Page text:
King Hu Crafts Killer Kung Fu Veiled In Mystery
Wuxia is a subgenre I tend to enjoy in fits and spurts, and which has come to a place of slightly less potency due to the sheer volume of mediocre entries in the mix. Wikipedia tells me that “wuxia” literally means “martial heroes”. To the uninitiated, the easiest way to describe this type of film would be to point to Crouching Tiger, Hidden Dragon, and to highlight some of the elements of that film such as exciting martial arts, aching romance, sweeping/gorgeous vistas, and a mythological feel. They’re kind of like Chinese super hero tales, with characters sometimes casually exhibiting super human abilities but always possessing tragic flaws and other human traits. They’re so ubiquitous in their native China that I simply can’t keep up with them and really only go after viewing the entries that rise to the top of the heap of critical acclaim. Dragon Inn is one of those entries.
King Hu is a filmmaker I’ve only recently become aware of, and Criterion’s release of his seminal 1967 wuxia film Dragon Inn was my entry point into his filmography. What a stunningly engaging entry point this was. Loaded to the brim with political intrigue, mystery, and badass mystical martial arts, I had an absolute blast with Dragon Inn and have no reservation suggesting it’s among the very best wuxia titles I’ve ever seen.
Beginning with some fairly breakneck narration that probably would have been handled differently for today’s audiences, we’re introduced to the political landscape of Ming era China, and the villainous armies that are on the move spreading injustice throughout the land and killing off powerful politicians and their families in order to shore up their power. The heroes of Dragon Inn are actually the great mysteries here, as we spend most of the first act following our villains as they chart a course to Dragon Inn in order to set up an ambush for a family of captured royals who will be secretly murdered at the remote mountainous Inn. Eventually four disconnected and deceptively powerful heroes will rise up to challenge the villainous army, and all the intrigue will take place in and around the meager Inn.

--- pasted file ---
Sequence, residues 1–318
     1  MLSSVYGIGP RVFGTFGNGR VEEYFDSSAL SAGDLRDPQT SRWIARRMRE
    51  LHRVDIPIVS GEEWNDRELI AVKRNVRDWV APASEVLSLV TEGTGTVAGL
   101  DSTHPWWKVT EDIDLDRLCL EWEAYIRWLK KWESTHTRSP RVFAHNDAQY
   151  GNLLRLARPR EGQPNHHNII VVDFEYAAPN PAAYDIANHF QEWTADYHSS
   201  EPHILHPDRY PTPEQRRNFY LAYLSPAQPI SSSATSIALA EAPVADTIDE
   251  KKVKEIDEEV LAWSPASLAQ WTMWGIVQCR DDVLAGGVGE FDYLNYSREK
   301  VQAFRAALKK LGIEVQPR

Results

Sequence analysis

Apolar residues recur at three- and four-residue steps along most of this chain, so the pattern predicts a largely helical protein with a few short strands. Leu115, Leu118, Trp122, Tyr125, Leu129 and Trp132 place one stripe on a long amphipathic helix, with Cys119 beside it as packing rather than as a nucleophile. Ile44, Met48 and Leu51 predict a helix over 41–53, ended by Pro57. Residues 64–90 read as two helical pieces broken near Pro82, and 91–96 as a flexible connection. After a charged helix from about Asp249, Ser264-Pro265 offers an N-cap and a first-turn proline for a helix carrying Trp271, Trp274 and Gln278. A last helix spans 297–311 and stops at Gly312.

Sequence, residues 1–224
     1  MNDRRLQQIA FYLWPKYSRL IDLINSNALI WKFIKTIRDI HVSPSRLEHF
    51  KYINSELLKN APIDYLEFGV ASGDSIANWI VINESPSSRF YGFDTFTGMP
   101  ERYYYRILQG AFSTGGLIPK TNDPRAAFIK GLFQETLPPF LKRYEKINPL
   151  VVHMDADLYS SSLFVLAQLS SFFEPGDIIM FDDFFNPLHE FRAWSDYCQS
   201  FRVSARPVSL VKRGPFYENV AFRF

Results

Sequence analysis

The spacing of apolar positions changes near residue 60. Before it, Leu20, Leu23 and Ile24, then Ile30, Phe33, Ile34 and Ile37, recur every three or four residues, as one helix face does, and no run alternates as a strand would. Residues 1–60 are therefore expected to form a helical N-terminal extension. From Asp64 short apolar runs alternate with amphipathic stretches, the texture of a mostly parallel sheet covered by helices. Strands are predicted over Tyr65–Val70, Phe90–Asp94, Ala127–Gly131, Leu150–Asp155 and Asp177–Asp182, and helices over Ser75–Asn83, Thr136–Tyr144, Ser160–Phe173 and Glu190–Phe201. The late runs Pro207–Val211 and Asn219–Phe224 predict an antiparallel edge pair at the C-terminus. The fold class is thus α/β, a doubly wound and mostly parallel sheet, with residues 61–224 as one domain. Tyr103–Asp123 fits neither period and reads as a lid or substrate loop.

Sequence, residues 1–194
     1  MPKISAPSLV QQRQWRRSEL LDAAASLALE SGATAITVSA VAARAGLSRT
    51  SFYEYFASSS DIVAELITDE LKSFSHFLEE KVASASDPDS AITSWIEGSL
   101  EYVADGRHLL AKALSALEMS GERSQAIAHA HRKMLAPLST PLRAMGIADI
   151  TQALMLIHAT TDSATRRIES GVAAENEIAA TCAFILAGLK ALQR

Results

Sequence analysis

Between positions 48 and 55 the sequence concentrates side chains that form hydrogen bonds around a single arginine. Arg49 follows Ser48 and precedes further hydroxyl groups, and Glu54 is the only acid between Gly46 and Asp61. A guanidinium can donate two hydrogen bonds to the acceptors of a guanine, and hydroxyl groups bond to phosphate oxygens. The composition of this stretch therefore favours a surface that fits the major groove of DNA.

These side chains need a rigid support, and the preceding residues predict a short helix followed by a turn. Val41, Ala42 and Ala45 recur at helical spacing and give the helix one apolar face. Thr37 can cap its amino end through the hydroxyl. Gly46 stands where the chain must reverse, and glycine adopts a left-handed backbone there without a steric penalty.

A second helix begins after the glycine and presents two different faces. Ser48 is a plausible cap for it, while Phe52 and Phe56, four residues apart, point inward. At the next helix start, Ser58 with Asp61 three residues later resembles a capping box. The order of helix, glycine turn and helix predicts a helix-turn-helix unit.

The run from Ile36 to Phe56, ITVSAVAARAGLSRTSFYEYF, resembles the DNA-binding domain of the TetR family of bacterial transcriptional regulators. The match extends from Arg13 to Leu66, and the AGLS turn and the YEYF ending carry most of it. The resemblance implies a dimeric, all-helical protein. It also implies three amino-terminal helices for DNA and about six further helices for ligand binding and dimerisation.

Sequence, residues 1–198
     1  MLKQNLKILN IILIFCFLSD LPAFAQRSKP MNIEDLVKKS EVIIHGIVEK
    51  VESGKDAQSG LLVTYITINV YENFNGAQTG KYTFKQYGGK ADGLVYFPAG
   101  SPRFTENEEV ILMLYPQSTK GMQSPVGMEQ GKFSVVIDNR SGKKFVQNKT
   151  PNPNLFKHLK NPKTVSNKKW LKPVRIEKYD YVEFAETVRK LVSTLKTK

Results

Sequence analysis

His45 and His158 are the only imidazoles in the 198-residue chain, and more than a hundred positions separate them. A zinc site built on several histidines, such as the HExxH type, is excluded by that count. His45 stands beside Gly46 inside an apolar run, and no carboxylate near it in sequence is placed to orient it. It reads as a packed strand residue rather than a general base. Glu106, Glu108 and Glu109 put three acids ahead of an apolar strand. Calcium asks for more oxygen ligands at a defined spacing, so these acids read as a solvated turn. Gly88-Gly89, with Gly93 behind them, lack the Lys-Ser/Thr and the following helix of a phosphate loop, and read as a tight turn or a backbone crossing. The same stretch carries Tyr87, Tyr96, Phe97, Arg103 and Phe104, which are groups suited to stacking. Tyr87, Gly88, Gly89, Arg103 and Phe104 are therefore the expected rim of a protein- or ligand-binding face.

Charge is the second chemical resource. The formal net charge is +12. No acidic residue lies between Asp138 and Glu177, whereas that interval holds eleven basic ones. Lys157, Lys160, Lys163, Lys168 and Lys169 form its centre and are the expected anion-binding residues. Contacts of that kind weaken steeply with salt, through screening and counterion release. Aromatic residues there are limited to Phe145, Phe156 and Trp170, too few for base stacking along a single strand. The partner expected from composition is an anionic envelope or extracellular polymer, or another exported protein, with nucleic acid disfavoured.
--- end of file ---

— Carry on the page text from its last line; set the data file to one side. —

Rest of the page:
Through this Criterion release I’ve learned that King Hu came up in the Shaw Brothers’ studio and worked on dozens of films before becoming a director. Dragon Inn is the first film he made after a move to Taiwan in a bid for more creative control over his films in a new environment. He seems to have succeeded wildly in that regard. Shaw Brothers films tend to be created almost entirely on sets, but Dragon Inn takes every opportunity to showcase its arid, isolated location, and the mountains and desert play key roles in the narrative. On top of that, the major set used for the Inn itself feels classical and features some incredible action set pieces that appear to have inspired future films (including Crouching Tiger). There’s an aesthetic beauty to Dragon Inn that’s simply not always found in films of its ilk, and it adds a mythic feel that’s undeniable.